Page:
Hunting for wild turkey on the opening day of the season has been a family tradition for more than a decade, and Sunday March 15 was already special because it was the first ever turkey season to start on a Sunday. Due to some recent legal changes by SCDNR and the S.C. General Assembly, hunting season can now commence on a Sunday, but that's not why this hunt was so memorable. Conditions were not the best for turkey hunting with the temperature at fifty degrees and a heavy fog in the air. Nonetheless, a boss gobbler started to gobble at 7:15 (almost ten minutes AFTER other woodland songbirds began to sing at dawn's first light) and he continuously sounded off until 7:30. Taking into account how far away he was, and the fact that he was gobbling good, I decided to make a wide trek through the freshly burned woods in order to get ahead of him. After the brisk ten minute jaunt, I was in the position I wanted but there was a problem - I no longer heard the gobbler! After waiting 15 minutes and second-guessing my decision to move, I simply reversed course and made the woodland jaunt again back to my original location. Sitting on the ground against a massive pine tree on the edge of a wood lot overlooking a green field, I was now steadfast in my plan to sit tight and practice patience. From 8:15 to 8:45 - nothing. THEN, approaching from directly behind me (offering no view and certainly no shot) I heard the unmistakeable sound of a boss tom going into full strut mode over and over again. When I peeked over my shoulder I saw a hen turkey meandering through the blackened landscape, and I knew that while she was walking along and scratching, the gobbler was simply following along behind her - as if on a string. They came up behind me in the woods, rather that in the green field as I had planned, and then they turned around and walked back into those same woods, and I was fit to be tied. If the turkeys had continued for another minute in any direction but 180 degrees behind me, I likely would have seen the tom and completed the deed - harvesting a gobbler on opening day. Instead, I was the victim of some TOM-foolery because for the next hour every noise in the woods and every movement had me jumpy thinking those turkeys were going to slip up on me again. After an hour passed, at 10:00 I decided to head back to my earlier ill-fated position, because I heard a murder of crows making a ruckus over that way. (Note to the novice: crows are famous for screaming at turkeys in the woods - and can help you locate a bird from time to time.) When I completed my woodland trek again, I could see that the crows were leaving and that no turkeys were in the area. Besides the fact that the air was cool with the fog and good for walking, this hunter was getting a little thirsty and hungry for breakfast, and decided to head for home. JUST THEN the bushes in the forest next to me started to rustle, and I had visions of turkey hunting glory - had I indeed figured out these birds and were they going to appear right in front of me?! I put my gun up and was BAM-boozled when a stealthy coyote broke from cover. With not one ounce of hesitation, I squeezed the trigger on my 12-gauge shotgun and let fly a load of copper-plated number six shot. (Note to the novice: Coyotes are known predators of wild turkey and deer). Harvesting the coyote immediately took me back to a similar turkey hunt nearly ten years ago - in almost the exact same location. I had been hunting that morning, back when reports of coyotes were very new to the Lowcountry, and I came face to face with the wily predator. Hesitation was the difference all those years ago as the coyote bounded away, but experience allowed me to cull the predator this time. With some predator management completed, it was time to end the opening day turkey hunt - with two close encounters to show for my efforts. Riding out of the woods I glanced out the truck window and spied the same full strut tom from earlier still strutting for five hens in some burned woods not far from my earlier sighting. I continued on, there had been enough drama already to remind this outdoorsman why the spring turkey season opener was so grand, and why he would be back SOON.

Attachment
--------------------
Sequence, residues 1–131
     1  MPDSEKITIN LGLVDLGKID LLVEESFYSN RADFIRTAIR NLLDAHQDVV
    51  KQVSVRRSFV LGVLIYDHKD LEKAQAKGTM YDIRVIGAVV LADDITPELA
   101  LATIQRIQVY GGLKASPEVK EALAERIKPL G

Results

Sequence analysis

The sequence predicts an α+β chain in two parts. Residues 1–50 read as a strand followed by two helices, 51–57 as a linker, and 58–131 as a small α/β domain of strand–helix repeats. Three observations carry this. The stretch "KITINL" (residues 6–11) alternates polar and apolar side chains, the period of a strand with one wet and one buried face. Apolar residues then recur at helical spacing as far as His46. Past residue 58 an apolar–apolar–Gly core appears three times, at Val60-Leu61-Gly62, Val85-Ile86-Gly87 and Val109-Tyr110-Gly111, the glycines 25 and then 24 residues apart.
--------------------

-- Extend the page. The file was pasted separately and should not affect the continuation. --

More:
My photos show my father and I before a wild turkey hunt in front of spring azaleas, and what a hunter in full camo clothing looks like during a turkey hunt, two wild turkeys walking in the woods, and a coyote harvested during a turkey hunt.